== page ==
11:06 am in Uncategorized by cmaukonen

Since there has been confirmation that Ridley Scott is in the first stages of making a sequel, Blade Runner 2, I thought I would do an analysis of the original dystopic science fiction Film Noir. Underrated at the time of its release, it has gained in appreciation since, with various box sets and cuts available now. It’s based on the novel Do Androids Dream of Electric Sleep by Philip K. Dick and set in Los Angeles circa 2019. Science fiction writers, even those of the darkest dystopian futures, tend to be overly optimistic quite often, which is the case here, having by that time assuming technologies that are yet to appear.

This, however, can be forgiven as they tread a thin line having to make the future seem advanced enough and yet still enable the reader or viewer to relate in the current time. Blade Runner is no exception, assuming that by this time we are colonizing space. But only for those who qualify physically, and one assumes mentally and financially as well.

The plot — which I will not repeat here in its entirety, but still spoiler alert — revolves around Decker, a Blade Runner, a member of the police unit to track down and execute replicants, bio-engineered slaves developed and produced by the Tyrell Corporation, which are illegal on Earth. Decker is persuaded by Bryant — head of the unit — to come out of retirement to hunt down and eliminate 4 replicants that have come back to Earth from the “Off World Colonies.”

What you are immediately hit with is this view of an urban environment that is only slightly better than completely run down. With floating blimp-like objects that contentiously blare out audio and beam video to entice you to move off Earth to the colonies. Indeed, only those “lesser humans” remain on Earth. Some by choice, but most by necessity due to not being able to qualify. It takes place in an Asian area of the city, with Asian eateries nearly everywhere. You are left to wonder if this is the norm for the whole city or planet, that one of the qualities one needs to posses to move “Off World” is to be White.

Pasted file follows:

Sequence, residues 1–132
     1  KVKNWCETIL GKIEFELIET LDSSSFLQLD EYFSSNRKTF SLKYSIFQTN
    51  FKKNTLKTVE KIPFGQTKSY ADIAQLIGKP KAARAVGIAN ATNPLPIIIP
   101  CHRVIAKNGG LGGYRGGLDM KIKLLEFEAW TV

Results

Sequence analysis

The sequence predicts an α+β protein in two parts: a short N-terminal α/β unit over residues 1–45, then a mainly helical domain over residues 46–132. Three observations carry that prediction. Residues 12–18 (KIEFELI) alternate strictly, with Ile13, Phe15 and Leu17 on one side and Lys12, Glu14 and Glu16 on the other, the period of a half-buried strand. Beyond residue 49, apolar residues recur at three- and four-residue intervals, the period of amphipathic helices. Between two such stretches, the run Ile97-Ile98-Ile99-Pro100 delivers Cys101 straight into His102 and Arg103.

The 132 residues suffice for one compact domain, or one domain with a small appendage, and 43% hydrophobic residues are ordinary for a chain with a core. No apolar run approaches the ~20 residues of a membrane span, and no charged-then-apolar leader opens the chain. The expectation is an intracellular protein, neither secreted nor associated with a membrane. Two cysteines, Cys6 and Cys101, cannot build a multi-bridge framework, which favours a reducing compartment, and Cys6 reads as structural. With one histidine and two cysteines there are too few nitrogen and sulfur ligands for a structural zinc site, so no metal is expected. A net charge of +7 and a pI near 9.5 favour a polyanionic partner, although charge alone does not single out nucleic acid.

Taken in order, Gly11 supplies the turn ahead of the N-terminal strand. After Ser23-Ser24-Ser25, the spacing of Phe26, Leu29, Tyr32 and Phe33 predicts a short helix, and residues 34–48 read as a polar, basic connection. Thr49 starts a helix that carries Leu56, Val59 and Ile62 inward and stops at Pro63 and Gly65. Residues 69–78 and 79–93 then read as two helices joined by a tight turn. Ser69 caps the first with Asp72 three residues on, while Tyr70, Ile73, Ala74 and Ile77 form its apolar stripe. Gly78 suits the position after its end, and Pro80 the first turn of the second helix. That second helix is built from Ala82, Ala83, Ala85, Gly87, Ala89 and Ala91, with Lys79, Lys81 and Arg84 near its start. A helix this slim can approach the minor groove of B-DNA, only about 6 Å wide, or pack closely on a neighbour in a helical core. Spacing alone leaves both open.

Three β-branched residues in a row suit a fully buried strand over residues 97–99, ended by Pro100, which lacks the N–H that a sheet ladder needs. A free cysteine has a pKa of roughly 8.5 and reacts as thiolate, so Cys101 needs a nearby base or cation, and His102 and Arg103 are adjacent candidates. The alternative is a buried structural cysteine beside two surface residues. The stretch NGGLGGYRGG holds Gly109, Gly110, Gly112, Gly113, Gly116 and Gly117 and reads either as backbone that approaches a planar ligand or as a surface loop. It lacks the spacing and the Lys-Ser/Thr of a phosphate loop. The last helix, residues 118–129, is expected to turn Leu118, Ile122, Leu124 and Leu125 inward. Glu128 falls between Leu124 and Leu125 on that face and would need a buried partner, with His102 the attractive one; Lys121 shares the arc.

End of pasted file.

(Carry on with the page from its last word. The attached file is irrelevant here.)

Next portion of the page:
The movie gives many messages, direct and a number indirect. That the “Beautiful People” have given up on Earth and have left for the colonies. That those who are still on Earth are left to make it as best they can. That Dr. Tyrell himself is both a victim and benefactor of this, having built an industrial empire through his genus in genetic engineering by supplying replicant slaves to the colonies. That the technology needed to maintain the status quo of the little people on the streets, makes it down to the streets. That those on the street and still on Earth mostly get along, since with the immigration of the “Beautiful People” to the colonies, there is no longer any reason not to get along. Indeed the “street language” is described as “a mishmash of Japanese, Spanish, German, what have you. ” That the police are there primarily to make sure nothing and no one upsets this relationship. That the biggest corporation, both physically and financially, is the Tyrell Corporation, reaching high enough to actually get sun at the top, when in the street it’s always foggy and rainy and polluted. It’s a city left to slowly fall apart.

The view one gets of the city is not unlike that of the old Hudson your rich uncle left you when he moved to Manhattan. With rust and problems you yourself cannot fix, but it still runs well enough to get you to the store and back. Even with fading paint and the bumper tied on with bailing wire, broken radio antenna and a radio that makes buzzing sounds when played. Parked out in front of an old farm house that leans a bit more each year, it hasn’t seen paint itself for many years.